Let's keep our heads in the cloud

From virtual obscurity to all-pervading, cloud computing has clearly come of age

Tags: Gulf Business Machines
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Let's keep our heads in the cloud Cloud computing is sweeping over enterprise IT (Khatuna Khutsishvili/ITP Images)
By  Cesare Cardone Published  April 8, 2011

From virtual obscurity to all-pervading, cloud computing has clearly come of age, particularly here in the Middle East. Last year's GITEX Technology Week in Dubai saw a virtual thunder storm of opinions and viewpoints on cloud computing and its future in the region.

It seems that there are two schools of thought on cloud computing in the region: on one hand you have the cloud evangelists who claim that it will have a dramatic impact on the industry and change computing in the Middle East in a very short time; on the other you have the naysayers who genuinely believe that it is simply a buzzword that will fade away and be replaced by something new.

From GBM's perspective, I would say that both points of view are extreme and do not reflect ground realities. Cloud computing is very much a disruptive innovation that has the power to make significant changes to the IT technology environment we currently operate in. But we have to be realistic and understand that these changes are not going to happen overnight.

One might even argue that potential cloud computing users would first have to go through the IT evolutionary cycle with large scale adoption of more mature technologies such as IT business/IT continuity, virtualisation and data centres.

Contrary to what its name might imply, cloud computing offers users a number of tangible benefits and these have been recognised across the world and, as is more recently the case, here in the Middle East.  

IBM defines cloud computing as "a style of computing whose foundation is the delivery of services, software and processing capacity using private or public networks." In essence, IBM says, it is an emerging approach to shared infrastructure in which large pools of systems are linked together in private or public networks to provide IT services.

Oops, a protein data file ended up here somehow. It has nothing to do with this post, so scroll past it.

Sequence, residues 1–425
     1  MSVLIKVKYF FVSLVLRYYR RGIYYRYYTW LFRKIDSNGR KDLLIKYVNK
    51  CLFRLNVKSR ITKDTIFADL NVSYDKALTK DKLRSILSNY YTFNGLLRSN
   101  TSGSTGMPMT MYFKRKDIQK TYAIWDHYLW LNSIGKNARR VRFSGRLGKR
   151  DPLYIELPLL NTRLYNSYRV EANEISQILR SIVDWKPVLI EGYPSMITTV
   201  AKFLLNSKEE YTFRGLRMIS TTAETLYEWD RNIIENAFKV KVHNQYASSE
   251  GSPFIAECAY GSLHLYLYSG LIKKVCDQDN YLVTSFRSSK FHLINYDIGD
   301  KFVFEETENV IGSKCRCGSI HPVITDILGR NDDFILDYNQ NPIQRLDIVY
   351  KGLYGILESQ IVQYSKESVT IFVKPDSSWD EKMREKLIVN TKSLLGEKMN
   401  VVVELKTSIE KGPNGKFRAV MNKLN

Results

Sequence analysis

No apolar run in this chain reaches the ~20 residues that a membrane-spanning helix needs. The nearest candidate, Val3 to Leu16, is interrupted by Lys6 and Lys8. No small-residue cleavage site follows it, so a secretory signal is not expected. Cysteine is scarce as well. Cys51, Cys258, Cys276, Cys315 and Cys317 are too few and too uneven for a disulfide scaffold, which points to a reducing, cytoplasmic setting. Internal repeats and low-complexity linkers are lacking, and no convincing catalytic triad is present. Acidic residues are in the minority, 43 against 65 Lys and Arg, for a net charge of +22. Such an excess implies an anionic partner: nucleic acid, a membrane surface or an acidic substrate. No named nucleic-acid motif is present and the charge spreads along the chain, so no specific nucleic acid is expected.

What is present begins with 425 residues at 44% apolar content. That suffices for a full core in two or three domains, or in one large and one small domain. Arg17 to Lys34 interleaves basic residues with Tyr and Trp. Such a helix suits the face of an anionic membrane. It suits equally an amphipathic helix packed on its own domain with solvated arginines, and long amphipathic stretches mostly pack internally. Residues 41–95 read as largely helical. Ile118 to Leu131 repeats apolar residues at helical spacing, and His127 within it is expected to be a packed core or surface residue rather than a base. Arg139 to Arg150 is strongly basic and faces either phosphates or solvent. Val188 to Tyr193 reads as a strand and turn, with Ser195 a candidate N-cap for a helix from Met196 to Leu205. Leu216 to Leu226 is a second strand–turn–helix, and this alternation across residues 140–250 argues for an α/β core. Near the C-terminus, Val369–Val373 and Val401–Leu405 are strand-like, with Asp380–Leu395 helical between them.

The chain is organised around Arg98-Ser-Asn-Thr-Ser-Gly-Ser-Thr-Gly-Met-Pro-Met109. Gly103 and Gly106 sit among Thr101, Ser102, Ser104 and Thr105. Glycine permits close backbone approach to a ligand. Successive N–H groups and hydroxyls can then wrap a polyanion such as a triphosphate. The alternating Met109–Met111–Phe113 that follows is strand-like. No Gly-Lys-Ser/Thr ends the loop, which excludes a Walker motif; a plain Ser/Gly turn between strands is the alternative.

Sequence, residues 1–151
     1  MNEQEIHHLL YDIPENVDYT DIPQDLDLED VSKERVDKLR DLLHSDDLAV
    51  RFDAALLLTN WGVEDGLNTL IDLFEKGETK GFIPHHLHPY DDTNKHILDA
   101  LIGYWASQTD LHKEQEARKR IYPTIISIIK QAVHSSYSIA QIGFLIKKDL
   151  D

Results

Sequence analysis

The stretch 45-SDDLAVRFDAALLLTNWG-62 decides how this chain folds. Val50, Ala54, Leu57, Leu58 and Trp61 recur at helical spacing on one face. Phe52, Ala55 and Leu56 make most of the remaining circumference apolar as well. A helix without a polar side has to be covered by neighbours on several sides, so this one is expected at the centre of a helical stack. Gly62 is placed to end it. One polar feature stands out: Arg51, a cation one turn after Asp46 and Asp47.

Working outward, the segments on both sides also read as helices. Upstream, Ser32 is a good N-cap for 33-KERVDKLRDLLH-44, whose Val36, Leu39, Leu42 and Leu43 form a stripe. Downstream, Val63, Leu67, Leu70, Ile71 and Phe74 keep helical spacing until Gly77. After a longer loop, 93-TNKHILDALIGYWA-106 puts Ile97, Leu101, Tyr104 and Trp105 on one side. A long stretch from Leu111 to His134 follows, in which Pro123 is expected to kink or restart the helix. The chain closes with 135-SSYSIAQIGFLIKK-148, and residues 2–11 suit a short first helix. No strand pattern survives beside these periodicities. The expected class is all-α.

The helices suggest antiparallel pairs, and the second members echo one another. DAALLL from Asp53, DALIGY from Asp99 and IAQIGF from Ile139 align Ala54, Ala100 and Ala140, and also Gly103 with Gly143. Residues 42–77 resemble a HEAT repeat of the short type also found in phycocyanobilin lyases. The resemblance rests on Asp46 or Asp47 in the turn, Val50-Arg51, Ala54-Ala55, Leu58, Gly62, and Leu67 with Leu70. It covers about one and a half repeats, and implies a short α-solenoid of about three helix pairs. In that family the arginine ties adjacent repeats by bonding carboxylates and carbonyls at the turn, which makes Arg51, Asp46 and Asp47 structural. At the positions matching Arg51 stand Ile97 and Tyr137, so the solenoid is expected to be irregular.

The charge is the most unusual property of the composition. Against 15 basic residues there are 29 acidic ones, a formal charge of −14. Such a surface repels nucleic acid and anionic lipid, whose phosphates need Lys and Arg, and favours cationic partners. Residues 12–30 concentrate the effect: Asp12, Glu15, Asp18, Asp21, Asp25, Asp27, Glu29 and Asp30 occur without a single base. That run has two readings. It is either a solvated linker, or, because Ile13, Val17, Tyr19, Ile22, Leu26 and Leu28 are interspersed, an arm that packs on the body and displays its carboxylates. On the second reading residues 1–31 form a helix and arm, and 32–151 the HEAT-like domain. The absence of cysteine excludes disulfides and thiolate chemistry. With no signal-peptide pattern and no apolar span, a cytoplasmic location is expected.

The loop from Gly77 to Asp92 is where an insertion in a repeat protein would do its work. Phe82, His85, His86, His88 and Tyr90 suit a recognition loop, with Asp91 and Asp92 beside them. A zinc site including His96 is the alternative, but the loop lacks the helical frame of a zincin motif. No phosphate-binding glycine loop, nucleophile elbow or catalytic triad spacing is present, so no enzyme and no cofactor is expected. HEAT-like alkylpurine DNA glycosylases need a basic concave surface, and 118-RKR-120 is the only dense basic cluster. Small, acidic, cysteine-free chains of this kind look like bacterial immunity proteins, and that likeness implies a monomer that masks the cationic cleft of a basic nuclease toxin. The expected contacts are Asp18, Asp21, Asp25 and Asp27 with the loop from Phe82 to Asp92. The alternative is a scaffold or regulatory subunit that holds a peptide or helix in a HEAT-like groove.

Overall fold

The argument in favor of cloud computing is hard to find fault with: a dramatic surge in connected devices, an increasing need for real-time data and the adoption of service-orientated architectures and Web 2.0 applications have collectively fuelled demand for shared infrastructure ecosystems. Arguably, the Internet has fuelled and facilitated collaborative working environments, which in turn, also drives demand for cloud-based solutions.   

In a post-recessionary scenario, purse strings everywhere are being tightened and companies are seeking to streamline operations to maximise efficiencies and minimise costs. Here too, cloud computing offers significant benefits including lower cost of ownership, full scalability allowing for changes in the business environment and new efficiencies, without incurring capital expenses since services are provided for a fee that would be considered an operation cost. What's more is that cloud computing users are protected from technology obsolescence since the responsibility for keeping the systems up-to-date lies with the service provider.

Despite the obvious benefits, however, concerns remain and the concerns in the Middle East are not very different from those voiced in other markets. The biggest of these are security and privacy and the largest players in the cloud computing space are working to reassure potential customers. IBM, for example, brings state-of-the-art security tools to its cloud computing offering, providing customers security levels that are equivalent or perhaps even better than what they can expect in a traditional computing environment.   

Despite all of this, it remains to be seen how customers in the Middle East and across the world, will overcome their trepidation.  What is clear, however, is that the large scale adoption of cloud computing is unlikely to be instant, particularly amongst medium and large businesses, many of which will take a progressive stance, testing the waters before they take the plunge.

At GBM, we have already taken the plunge. We have also made significant investments, such as the recently-launched Network Operations Centre (NOC), that allow us to offer cloud-based services, while simultaneously also building on our traditional IT services, which still form the bulk of our customers' requirements. After all, as is the case with any IT business, we have to offer our customers the right products and solutions at the right time.

And we also practice what we preach. We are currently one of the region's largest users of Salesforce.com, one of the most established cloud computing business applications.

Our heads may be in the cloud but our feet remain firmly rooted to the ground.

Cesare Cardone is CEO of GBM.

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